It was inevitable. You can’t live here for three years and not get into a car accident. I am amazed I lasted as long as I did driving in a country full of people with such varied levels of driving ability and such a wide range of vehicles on the road, in so many different states of repair. Just last week I saw a Ghanaian driving the newest model Porsche behind a horse and wagon. I often find myself frustratingly tailgating the car in front of me, with the car in front going its maximum speed of ten miles per hour. The streets in my neighborhood are full of cars with “Driving School” painted on the side, filled with dangerous, potentially-licensed drivers (mostly women unfortunately) behind the wheel and nervous-looking male instructors intermittently grabbing the wheel at the last minute to avoid one of Accra’s famous ditches lining the roads. I guess I should take comfort in the fact Ghana has driving schools to begin with.

So in my rush home to see my baby after work last Wednesday, I got into a traffic accident. A bicyclist shot out in front of a taxi I was following entering the famous Danquah traffic circle during rush hour. The taxi driver slammed on his brakes but had no brake lights. I slammed on my breaks, but not fast enough. Tires screeched, heads craned, and I ended up crushing the taxi’s back left taillight and cracking a plastic thing under my bumper. So, we had to do the old stop-get-out-of-cars-in-the-middle-of-rush-hour-while-cars-are-honking-furiously thing, and then motion to each other the international sign of “let’s pull over on the side of the road and talk this out.” Then the fun began.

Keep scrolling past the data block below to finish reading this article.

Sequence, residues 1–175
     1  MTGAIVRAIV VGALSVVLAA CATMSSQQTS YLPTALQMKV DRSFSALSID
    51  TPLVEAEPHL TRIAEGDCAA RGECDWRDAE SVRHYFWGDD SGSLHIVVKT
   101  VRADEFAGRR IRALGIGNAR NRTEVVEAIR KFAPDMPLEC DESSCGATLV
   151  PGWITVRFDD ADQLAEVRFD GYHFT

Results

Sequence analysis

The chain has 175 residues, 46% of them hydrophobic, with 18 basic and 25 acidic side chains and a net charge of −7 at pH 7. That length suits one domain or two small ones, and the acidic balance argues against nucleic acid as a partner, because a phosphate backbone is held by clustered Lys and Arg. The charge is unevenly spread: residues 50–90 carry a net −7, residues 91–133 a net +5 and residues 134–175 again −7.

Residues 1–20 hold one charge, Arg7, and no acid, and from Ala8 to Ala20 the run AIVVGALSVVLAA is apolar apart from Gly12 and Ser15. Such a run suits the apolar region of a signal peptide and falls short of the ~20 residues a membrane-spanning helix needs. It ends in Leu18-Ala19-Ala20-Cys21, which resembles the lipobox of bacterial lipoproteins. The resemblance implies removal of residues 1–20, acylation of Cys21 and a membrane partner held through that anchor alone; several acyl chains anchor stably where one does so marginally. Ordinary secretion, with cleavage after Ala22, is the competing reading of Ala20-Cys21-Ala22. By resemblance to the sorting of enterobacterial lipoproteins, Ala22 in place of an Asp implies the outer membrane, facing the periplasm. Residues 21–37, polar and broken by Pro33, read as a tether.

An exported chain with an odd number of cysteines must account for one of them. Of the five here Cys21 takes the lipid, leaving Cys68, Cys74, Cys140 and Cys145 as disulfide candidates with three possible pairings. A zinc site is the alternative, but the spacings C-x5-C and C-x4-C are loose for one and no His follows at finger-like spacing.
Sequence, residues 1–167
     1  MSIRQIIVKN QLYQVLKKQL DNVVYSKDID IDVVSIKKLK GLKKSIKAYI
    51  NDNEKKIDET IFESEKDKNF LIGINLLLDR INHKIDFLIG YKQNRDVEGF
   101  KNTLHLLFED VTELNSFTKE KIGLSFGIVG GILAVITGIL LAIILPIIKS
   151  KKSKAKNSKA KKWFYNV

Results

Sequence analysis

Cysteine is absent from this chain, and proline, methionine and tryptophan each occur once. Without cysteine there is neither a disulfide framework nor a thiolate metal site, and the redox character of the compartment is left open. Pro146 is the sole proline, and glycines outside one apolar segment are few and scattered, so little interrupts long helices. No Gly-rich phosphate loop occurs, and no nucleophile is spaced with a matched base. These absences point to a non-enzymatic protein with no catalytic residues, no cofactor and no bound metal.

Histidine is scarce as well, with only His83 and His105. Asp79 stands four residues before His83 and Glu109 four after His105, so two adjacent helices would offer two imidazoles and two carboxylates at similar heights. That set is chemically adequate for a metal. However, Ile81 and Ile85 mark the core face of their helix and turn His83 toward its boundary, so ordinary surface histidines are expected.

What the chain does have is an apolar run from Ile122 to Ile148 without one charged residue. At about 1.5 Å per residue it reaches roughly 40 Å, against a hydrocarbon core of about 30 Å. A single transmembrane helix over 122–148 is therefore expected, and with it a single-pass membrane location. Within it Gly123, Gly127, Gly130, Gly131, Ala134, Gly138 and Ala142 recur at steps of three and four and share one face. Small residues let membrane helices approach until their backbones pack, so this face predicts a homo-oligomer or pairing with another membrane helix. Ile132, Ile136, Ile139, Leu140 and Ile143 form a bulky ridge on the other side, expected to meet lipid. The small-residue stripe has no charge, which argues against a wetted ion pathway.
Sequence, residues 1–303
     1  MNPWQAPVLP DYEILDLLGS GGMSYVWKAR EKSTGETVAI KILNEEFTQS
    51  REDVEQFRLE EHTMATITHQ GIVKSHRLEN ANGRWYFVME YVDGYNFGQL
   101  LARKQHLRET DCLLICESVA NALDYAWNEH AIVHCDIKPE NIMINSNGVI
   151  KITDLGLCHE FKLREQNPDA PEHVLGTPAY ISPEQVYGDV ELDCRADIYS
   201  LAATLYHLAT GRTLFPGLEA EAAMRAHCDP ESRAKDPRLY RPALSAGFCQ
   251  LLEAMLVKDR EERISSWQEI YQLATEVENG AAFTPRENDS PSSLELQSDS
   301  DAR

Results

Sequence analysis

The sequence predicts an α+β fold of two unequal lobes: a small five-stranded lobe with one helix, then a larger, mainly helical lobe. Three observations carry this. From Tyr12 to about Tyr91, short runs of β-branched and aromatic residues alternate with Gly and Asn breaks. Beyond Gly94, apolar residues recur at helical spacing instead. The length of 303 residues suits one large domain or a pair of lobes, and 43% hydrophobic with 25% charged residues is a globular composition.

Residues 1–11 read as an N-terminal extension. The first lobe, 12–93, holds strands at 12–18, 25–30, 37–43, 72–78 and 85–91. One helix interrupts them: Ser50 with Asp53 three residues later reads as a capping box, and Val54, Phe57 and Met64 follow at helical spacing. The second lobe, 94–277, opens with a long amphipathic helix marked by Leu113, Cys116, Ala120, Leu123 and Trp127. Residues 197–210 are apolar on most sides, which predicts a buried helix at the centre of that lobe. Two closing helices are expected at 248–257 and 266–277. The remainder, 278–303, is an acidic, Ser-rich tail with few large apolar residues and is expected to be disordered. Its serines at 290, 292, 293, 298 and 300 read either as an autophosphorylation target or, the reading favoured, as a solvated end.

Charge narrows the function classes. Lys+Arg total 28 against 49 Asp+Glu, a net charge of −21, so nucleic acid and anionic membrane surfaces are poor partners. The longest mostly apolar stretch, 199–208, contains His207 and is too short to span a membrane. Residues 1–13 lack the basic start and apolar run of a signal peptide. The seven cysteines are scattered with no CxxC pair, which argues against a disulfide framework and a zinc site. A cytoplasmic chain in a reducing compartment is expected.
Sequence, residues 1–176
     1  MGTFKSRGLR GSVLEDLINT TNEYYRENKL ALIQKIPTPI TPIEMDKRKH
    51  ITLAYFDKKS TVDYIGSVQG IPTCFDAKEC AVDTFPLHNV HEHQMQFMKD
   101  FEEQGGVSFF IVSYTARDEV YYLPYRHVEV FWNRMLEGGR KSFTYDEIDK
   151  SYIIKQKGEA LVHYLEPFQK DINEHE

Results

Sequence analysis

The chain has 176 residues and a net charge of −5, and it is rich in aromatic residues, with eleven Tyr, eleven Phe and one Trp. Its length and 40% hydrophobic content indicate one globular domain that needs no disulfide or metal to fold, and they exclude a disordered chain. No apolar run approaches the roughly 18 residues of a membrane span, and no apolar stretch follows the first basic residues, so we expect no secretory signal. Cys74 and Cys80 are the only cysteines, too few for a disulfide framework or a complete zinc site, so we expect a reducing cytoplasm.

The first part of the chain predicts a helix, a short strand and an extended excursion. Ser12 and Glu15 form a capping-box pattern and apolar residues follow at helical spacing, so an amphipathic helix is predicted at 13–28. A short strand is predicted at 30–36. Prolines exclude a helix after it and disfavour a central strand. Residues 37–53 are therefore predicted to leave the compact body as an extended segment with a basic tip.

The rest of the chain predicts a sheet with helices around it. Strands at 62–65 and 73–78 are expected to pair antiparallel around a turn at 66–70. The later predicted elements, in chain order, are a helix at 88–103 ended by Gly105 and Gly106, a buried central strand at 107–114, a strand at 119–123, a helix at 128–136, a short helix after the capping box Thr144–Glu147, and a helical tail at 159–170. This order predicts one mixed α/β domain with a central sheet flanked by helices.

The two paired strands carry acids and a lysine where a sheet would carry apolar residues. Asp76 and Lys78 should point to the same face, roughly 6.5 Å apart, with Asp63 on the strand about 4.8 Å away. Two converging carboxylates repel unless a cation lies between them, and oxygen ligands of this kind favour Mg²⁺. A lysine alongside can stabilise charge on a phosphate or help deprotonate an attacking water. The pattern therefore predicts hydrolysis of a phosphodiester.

A crowd quickly formed. The bicyclist (the only one who escaped without damage by the way) was furious! He kept yelling at the taxi driver in the local language. All I could understand was when he would interject “stupid fool!” every forty words or so. I just stood there watching calmly and exchanging many repetitions of “Oh, so sorry” and “Are you ok?” with the taxi driver and the taxi passengers. I called my husband for reinforcement. Luckily, no one was mad at me, even though technically, I was at fault. I had to tread very carefully because if an Obruni (the foreigner) is rude or hurts a local in any way, the crowd can turn on him/her in a second. So as long as they kept yelling at each other, I was in the clear.

Then the bicyclist started getting into it with some of the female taxi passengers. Who knows why? Things got physical but not overly so. Everyone had an opinion of who was at fault. Strangely, no one thought it was me, or if they did they kept it to themselves. The biker was mad at the taxi driver and the taxi driver and his passengers blamed the biker. Over the course of about thirty minutes, three Americans I knew on their way somewhere stopped by to see if I was ok. The crowd wasn’t getting ugly and I assured them it was under control. My husband arrived. He had called the police and they were “on their way.”